At the second last floor the elevator stopped again, and he strode into a hallway filled with glass cases, each with a light and a relic of old. Most of the artefacts were of old Northern European descent or from the old British Isles from the time of the Italian invaders. Halfway down the hallway a door lead into his office, but as always he slowed down on his way through the room. The relics were of his personal collection, and the various helmets, daggers and clay tablets never left him unsatisfied.

    “To consider, that such strength lead here, just for such weakness to run rampant.” As he caressed one of the glass cases, his sleeve drew back to reveal Gaelic symbols mixed with Nordic runes, a pattern stretching to his shoulder. “Welcome back. Office unlocked.” The voice that responded was like the salute of a soldier, though the accent was exotic. Damarion lingered for a moment, before striding into his office. While everything in there was modern and sterile, unlike the exhibition in the hallway, it was how he prefered it for work. With decisive steps he approached the far wall and opened the vault hidden there. Inside was a small data stick and a variety of objects always good to have on hand. When he’d made sure that everything was there, he stepped back and resealed the vault. His geist told him of the time, and a closet near the door opened to reveal a suit with a rolled-up sleeve. Damarion carefully exchanged his clothing, shifting his business suit back into its rightful position, hearing his geist schedule a cleaning of it for the following morning. A moment later he was dressed in a pitch black suit, gleaming as small scale-like pieces reorganized to avoid the light. The slick black was covered in a vibrant sheath of holographic light, giving it a green sheen whenever the scales moved.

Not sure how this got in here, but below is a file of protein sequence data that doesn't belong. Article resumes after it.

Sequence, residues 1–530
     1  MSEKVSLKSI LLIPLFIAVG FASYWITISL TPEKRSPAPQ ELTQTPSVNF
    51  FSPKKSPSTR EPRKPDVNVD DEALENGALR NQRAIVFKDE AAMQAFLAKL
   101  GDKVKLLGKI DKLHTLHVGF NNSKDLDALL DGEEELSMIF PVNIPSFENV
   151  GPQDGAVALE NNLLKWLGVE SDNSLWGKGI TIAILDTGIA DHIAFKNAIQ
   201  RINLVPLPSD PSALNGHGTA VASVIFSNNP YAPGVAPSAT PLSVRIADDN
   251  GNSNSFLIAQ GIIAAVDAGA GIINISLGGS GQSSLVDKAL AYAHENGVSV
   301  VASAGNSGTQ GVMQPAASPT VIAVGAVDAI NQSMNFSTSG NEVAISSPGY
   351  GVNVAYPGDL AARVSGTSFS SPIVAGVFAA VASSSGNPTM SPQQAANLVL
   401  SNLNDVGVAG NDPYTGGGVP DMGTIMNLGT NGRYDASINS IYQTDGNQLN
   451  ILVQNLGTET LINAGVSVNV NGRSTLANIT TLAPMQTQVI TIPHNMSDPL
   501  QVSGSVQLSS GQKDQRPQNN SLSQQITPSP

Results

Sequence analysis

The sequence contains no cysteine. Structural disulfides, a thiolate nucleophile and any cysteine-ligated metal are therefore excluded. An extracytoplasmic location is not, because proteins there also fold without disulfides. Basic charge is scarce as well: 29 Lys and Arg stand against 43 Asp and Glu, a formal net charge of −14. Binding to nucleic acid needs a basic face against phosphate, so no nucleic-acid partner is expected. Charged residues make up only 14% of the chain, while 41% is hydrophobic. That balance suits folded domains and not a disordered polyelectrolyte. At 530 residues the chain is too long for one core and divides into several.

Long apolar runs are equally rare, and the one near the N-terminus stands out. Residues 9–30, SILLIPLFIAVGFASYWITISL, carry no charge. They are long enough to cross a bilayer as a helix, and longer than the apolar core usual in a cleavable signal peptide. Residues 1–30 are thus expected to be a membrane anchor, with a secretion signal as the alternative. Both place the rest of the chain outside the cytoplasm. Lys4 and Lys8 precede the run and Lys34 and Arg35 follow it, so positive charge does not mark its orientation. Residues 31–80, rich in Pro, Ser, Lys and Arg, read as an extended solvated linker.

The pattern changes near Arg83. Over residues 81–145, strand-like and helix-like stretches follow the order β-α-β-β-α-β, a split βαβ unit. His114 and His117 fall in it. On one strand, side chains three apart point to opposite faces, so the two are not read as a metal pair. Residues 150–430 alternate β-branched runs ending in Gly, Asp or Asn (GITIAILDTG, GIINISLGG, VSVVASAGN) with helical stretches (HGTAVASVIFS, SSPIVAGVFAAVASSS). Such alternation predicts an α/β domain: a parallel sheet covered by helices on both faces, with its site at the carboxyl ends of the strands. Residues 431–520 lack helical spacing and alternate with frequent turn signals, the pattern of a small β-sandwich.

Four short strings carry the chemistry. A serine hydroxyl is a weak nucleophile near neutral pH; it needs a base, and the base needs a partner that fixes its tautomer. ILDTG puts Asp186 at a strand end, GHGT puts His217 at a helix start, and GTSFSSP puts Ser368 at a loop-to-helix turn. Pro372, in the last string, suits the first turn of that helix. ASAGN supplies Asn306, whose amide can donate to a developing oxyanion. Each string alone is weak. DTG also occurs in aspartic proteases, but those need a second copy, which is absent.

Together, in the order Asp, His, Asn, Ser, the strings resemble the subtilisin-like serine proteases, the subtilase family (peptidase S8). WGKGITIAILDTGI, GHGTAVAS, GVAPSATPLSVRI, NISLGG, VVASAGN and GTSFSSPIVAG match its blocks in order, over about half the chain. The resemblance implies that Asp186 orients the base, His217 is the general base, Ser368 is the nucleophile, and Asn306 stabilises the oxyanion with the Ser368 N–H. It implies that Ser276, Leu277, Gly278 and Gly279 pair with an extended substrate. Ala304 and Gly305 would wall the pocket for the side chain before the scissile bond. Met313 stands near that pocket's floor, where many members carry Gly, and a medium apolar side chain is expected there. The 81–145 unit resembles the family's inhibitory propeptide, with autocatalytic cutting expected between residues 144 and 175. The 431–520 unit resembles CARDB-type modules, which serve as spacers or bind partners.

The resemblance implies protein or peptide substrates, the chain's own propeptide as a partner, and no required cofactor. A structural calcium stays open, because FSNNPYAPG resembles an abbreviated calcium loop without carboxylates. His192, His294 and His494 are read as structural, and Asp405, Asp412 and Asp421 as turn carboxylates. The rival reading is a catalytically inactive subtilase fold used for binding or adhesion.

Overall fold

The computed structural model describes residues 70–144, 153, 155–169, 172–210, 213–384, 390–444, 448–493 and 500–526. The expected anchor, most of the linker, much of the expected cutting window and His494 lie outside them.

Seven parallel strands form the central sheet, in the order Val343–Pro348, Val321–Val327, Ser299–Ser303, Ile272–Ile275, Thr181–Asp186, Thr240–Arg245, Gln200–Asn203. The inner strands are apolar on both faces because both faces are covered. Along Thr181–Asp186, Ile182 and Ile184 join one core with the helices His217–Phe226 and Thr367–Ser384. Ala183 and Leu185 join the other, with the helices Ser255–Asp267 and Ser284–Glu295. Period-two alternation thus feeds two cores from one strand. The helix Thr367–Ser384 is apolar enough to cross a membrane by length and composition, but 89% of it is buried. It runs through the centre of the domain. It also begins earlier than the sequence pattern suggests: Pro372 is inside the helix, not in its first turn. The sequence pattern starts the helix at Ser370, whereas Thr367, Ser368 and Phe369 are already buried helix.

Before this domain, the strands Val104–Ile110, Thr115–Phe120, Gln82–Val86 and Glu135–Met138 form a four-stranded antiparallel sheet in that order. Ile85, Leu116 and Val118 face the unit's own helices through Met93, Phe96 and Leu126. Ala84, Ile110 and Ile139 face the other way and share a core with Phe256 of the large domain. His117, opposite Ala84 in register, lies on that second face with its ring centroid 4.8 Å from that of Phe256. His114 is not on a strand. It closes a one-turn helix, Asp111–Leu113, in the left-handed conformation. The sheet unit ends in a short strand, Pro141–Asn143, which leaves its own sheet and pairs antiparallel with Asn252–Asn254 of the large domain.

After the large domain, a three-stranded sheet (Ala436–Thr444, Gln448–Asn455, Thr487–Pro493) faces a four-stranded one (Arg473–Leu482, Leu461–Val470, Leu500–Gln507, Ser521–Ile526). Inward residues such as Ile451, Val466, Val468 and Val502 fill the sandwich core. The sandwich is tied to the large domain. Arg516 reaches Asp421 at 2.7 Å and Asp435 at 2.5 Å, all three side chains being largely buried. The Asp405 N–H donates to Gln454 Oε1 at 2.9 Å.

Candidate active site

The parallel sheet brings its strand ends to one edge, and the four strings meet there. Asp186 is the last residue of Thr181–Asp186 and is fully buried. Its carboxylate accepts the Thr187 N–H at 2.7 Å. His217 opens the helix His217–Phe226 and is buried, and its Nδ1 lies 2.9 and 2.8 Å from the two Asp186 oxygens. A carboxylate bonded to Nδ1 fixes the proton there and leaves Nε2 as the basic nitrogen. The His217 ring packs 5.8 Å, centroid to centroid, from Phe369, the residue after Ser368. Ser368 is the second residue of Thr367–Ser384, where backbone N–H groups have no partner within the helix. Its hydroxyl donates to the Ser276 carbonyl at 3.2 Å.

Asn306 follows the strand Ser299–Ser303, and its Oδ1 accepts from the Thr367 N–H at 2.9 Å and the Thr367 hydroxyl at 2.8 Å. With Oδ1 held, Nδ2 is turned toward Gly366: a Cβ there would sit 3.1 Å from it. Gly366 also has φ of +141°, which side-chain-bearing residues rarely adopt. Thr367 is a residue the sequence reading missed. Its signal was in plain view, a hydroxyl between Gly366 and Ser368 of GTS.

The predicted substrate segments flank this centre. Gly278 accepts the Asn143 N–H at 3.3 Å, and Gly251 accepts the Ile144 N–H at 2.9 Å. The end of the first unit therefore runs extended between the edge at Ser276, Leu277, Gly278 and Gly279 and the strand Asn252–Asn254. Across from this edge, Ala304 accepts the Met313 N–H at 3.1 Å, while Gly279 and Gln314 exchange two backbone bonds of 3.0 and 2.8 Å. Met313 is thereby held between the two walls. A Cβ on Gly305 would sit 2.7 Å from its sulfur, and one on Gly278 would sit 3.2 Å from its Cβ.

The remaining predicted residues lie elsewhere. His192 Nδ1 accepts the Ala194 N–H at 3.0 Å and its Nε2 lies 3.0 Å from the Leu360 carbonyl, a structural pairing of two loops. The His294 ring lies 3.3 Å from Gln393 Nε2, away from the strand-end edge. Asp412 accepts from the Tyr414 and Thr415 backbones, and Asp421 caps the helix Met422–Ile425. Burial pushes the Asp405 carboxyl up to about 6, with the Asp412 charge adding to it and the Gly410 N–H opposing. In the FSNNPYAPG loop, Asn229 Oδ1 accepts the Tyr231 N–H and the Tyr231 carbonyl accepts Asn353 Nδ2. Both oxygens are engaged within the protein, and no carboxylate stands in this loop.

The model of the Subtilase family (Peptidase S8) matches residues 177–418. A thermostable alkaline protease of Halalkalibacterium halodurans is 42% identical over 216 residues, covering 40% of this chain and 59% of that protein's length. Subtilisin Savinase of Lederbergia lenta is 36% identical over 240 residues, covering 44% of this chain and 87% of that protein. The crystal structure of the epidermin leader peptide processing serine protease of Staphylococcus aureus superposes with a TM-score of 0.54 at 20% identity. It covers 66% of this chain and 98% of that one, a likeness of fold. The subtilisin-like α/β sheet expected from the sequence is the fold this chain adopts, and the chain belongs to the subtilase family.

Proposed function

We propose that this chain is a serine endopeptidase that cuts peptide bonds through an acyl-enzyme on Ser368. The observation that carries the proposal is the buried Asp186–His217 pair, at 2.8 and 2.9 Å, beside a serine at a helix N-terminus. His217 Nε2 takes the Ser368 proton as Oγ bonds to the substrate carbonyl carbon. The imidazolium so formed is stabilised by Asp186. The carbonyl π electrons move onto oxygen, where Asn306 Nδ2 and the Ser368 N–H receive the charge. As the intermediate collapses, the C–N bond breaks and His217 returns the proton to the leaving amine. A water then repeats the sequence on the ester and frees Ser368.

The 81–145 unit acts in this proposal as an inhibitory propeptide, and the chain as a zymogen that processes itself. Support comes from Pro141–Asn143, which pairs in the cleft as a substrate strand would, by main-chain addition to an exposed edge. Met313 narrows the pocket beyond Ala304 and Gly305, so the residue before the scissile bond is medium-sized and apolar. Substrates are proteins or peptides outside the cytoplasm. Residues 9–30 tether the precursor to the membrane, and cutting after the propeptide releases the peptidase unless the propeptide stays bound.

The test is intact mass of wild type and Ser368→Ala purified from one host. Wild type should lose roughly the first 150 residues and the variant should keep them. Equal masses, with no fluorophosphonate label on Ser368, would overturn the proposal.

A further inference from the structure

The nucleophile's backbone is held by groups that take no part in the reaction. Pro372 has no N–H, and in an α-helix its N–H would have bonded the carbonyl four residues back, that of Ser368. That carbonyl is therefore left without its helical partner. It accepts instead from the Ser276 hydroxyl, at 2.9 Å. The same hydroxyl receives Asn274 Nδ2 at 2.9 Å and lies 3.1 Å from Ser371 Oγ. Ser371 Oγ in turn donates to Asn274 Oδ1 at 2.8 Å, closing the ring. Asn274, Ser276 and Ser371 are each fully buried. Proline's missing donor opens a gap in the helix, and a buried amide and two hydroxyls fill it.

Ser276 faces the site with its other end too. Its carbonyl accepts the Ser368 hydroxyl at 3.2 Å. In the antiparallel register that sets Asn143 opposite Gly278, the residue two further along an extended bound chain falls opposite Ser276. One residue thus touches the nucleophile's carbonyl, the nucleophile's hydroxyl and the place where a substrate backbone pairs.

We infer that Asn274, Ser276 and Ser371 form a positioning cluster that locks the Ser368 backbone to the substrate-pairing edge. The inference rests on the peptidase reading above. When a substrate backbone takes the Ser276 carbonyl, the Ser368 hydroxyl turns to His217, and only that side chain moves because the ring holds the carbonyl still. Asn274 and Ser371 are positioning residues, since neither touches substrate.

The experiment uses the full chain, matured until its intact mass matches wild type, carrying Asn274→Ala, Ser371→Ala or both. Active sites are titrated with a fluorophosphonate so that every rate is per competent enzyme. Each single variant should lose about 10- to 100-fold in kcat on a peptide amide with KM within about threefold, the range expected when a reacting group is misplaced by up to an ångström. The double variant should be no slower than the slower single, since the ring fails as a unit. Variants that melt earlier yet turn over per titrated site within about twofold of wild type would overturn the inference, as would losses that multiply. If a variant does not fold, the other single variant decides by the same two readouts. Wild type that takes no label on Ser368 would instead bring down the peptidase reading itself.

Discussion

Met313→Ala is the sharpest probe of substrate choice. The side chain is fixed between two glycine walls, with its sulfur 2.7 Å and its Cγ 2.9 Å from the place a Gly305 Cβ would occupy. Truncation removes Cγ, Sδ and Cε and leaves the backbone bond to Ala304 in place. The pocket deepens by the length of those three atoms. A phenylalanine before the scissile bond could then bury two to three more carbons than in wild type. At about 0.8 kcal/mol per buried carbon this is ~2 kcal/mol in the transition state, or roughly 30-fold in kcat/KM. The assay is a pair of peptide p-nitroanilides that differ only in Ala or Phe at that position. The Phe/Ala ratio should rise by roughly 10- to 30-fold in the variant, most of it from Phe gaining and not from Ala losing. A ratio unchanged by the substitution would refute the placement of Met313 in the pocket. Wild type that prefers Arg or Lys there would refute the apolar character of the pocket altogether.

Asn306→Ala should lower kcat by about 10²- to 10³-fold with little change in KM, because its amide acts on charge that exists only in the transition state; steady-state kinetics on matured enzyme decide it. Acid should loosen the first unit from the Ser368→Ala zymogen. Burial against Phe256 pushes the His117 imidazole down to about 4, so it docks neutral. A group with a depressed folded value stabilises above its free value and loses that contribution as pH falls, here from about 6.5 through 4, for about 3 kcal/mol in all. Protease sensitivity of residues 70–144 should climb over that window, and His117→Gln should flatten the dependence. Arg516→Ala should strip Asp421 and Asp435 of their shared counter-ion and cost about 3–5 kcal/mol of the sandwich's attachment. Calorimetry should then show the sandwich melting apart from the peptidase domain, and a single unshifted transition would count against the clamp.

Damarion arrived at the fundraiser alone. At least he arrived at the red floating carpet alone, but as soon as he stepped onto it, a hudge-pudge of lesser elite women crowded him. Some of them turned away when they recognized him, but those new to the scene sought to give him a hand to kiss. Instead he waded through the flock, counting on the bodyguards to catch any ladies falling over their own feet. He’d barely entered the main hall, a massive dome suspended between two lesser towers, before another crowd approached him. The majority of these were those who claimed to be his competitors, though none of them had as much as a percentage of his wealth. The first to reach him was a young man - he at least appeared as such, but Damarion knew him to be well over ninety years - who called out over the others, “Mr. Defolill, pleasure to see you again. I hear Melakolis Corp of Neapolis yet again resisted your attempt at merging?” Damarion smiled, scowled and lifted an eyebrow, all at the same time. “It’s Doctor to you, Mr. Feron, and I likewise heard that your wife finally croaked. I suppose it is hard for you to supply young Lhosts to both lovers and wives?” The young man’s face turned a shade of white normally reserved for those already in the casket. “Goodnight to you, Mr. Feron.” Damarion walked past and made for the VIP area, barely allocating attention to the stage or the other directors of OBXILUS scattered throughout the room. When a positively furious Mr. Feron tried to enter the VIP lounge, the cybernetically enhanced bouncer gave him a critical look, before pinging Damarion’s geist and receiving a sound no. Mr. Feron found himself staggering away with a drink on the house, and a new respect for modern cybernetic enhancements. Inside the closed lounge, Damarion had barely taken a seat before being approached by two other men. He’d almost gestured them away, until he noticed that one was of the Neoterran Capitaline Army. A general, probably.